Cleveland Forest Pine Creek cabins on endangered list

Arroyo Southwestern toad is part of the reason why

About a dozen federally protected endangered species, including the southwestern willow flycatcher and the Laguna Mountains skipper butterfly, live in the Cleveland National Forest, the 424,000-acre woodland preserve that stretches across the rugged backcountry of three Southern California counties.

Marcella Fescina isn't on the government's list of threatened forest dwellers. Yet the 46-year-old, a part-time resident of the Cleveland's Pine Creek cabin tract, may be on the verge of disappearing, too, together with 36 of her neighbors.

"I still have high hopes that nobody is going to get us," Fescina says as she prepares for her weekly trip from her home in Clairemont to the site in the Cleveland that has been in her family for almost 50 years.

"It would kill me if I had to tear the cabin down."

In 1951, two years before Fescina was born, her parents, Willard and Jennette Winberg, bought a burned-out cabin alongside a creek just north of Pine Valley, a town 45 miles east of San Diego so well nestled in its hollow that drivers on nearby Interstate 8 can speed past without seeing it.

The Winbergs quickly rebuilt on the site. The new cabin was simple at first, but over time, it grew to be a three-bedroom, two-story home away from home. Willard did most of the work himself on weekends with supplies hauled up from San Diego in the family car. On Fridays, when he got home from his job at the phone company, Willard would pack up his Chrysler with lumber and concrete, as well as food and water. He'd pull out from the family home on Illinois Street, head east on surface streets, and then pick up U.S. 80, easing up on the accelerator on the stretch between Alpine and Pine Valley, where the road was narrow and the turns were sharp.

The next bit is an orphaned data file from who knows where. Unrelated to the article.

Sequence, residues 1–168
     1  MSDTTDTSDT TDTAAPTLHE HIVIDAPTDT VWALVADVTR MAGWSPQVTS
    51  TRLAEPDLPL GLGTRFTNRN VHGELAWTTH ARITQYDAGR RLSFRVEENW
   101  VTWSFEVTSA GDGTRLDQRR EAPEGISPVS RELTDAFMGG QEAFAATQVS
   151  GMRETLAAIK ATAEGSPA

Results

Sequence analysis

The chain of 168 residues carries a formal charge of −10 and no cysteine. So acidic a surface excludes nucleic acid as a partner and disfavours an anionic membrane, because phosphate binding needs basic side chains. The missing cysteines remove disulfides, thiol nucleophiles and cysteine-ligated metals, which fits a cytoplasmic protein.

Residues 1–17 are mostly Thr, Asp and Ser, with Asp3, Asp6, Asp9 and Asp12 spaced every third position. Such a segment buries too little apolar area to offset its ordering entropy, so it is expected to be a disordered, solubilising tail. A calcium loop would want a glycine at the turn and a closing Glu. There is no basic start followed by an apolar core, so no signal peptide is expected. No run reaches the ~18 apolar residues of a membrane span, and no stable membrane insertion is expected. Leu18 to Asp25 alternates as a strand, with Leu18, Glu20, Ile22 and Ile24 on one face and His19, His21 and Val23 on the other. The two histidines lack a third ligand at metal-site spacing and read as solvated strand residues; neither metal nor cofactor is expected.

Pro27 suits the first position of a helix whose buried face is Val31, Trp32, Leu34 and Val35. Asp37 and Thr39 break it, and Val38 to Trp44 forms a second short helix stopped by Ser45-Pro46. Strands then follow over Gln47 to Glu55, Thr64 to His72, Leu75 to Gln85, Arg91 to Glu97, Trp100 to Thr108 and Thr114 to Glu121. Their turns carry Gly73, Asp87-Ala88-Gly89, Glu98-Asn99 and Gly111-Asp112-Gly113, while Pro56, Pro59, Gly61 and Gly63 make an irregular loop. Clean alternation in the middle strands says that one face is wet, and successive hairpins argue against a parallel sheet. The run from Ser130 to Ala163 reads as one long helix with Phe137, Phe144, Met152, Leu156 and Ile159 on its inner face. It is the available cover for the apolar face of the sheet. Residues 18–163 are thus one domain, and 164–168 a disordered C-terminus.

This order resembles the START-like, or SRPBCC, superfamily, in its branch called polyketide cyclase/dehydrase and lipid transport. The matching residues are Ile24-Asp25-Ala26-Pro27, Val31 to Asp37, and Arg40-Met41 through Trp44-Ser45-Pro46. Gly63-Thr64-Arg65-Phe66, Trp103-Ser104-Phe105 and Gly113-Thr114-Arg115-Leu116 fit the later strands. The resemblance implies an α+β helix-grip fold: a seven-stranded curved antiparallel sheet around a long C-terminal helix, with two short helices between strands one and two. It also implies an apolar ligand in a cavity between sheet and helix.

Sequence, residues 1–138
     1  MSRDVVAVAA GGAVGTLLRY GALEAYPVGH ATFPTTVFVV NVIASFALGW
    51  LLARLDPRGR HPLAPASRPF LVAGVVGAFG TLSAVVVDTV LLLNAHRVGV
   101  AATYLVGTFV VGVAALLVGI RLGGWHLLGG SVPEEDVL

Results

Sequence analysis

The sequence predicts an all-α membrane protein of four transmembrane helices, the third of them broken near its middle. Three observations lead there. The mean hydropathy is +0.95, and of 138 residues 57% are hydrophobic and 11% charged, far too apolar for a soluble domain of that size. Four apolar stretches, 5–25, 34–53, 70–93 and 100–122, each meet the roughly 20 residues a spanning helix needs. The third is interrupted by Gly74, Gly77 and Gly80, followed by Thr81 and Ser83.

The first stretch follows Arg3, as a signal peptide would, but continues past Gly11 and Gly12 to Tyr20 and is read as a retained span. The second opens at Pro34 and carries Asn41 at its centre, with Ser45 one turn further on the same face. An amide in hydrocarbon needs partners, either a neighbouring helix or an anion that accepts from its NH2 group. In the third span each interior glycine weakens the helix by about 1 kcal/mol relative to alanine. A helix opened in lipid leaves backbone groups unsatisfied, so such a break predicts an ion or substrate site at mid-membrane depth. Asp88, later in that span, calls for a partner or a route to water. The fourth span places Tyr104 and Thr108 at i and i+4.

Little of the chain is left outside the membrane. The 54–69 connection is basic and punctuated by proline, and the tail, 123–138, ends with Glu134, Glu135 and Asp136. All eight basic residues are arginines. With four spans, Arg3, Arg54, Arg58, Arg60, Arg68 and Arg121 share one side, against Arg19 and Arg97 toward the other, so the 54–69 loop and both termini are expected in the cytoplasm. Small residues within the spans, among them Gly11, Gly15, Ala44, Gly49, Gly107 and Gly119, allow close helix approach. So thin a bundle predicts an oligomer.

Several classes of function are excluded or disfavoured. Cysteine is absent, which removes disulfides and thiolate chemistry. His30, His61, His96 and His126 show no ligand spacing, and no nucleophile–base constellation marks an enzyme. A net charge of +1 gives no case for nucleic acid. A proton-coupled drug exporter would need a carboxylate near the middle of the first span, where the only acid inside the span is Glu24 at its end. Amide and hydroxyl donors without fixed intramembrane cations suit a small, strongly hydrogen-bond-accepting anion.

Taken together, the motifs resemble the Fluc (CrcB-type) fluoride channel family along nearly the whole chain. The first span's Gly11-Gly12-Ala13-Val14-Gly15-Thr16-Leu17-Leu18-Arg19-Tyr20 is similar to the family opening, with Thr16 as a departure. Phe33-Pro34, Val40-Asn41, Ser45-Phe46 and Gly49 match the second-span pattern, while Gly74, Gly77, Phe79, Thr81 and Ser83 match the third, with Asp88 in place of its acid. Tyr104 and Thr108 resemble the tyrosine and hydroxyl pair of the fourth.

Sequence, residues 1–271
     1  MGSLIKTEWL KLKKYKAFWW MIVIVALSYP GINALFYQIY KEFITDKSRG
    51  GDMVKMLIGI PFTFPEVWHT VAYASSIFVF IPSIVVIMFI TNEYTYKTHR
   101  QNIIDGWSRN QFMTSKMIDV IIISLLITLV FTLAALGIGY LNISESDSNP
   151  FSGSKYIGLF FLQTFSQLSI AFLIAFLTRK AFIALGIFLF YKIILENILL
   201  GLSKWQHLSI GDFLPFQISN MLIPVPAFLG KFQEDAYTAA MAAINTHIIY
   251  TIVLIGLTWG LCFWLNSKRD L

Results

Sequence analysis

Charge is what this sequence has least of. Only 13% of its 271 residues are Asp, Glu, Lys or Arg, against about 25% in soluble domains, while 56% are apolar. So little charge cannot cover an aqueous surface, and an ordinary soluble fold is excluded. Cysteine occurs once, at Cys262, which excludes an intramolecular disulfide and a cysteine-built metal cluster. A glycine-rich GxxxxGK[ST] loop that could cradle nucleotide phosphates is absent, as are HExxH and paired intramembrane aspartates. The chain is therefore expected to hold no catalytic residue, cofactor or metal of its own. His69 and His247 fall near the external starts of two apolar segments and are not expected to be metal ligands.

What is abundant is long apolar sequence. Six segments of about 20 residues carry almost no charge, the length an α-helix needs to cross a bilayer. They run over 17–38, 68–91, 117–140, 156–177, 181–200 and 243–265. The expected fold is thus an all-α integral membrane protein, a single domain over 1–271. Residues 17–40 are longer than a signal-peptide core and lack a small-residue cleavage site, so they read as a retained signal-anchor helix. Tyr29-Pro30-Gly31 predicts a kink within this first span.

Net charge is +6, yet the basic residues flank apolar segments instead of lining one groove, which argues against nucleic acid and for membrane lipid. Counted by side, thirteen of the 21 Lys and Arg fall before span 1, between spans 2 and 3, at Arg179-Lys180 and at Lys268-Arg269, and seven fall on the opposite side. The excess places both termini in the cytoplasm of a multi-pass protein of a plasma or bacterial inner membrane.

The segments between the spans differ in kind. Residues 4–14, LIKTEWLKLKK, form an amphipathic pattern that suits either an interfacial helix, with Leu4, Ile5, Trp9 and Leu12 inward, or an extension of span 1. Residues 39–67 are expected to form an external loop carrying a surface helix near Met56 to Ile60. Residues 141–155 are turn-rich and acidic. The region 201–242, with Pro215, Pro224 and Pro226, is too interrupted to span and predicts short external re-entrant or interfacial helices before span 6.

By the time Fescina was born in 1953, the cabin at Pine Creek was complete, and the Winbergs, who now spent most weekends there, joined an exclusive group: The 15,200 Americans -- just 245 of them in San Diego County -- who own vacation homes on national forest land.

Over the years, some things have changed, including the annual permit fee, which has jumped from $30 to $1250. In the 1970s, the trip to Pine Creek was shortened when the long-delayed I-8 extension into San Diego's backcountry finally opened. In 1981, Fescina's father died. Two years later, she purchased the cabin from her mother. In 1989, fire raced through the structure again. Only two stone chimneys, built by Fescina's father and uncle Newell, were left standing. After a year of indecision, she resolved to rebuild in the early 1990s, incorporating the surviving chimneys into the new cabin.

But the rhythm Pine Creek imposes on Fescina's life hasn't changed all that much over the years. Most Fridays, Fescina (she hasn't dropped her ex-husband's name), Armando, her partner of 16 years, and Hank, the couple's six-year-old German Shepherd, head east just as her parents did.

Fescina just finds it harder to relax once she arrives.

The worries began this spring, a year after environmentalists sued the Forest Service over alleged Endangered Species Act violations in four Southern California forests, including the Cleveland, when the government released a report on the impact cabins were having on threatened wildlife.

For most cabin owners in San Diego County, the news was good. The report, authored by Craig Cowie, a 25-year veteran of the Forest Service, found that 11 of the 12 tracts in the county were in compliance with the Endangered Species Act and the Forest Plan, a document that comes out every 10 to 15 years and guides all activities in the Cleveland, from camping and hiking to cabin dwelling and mining.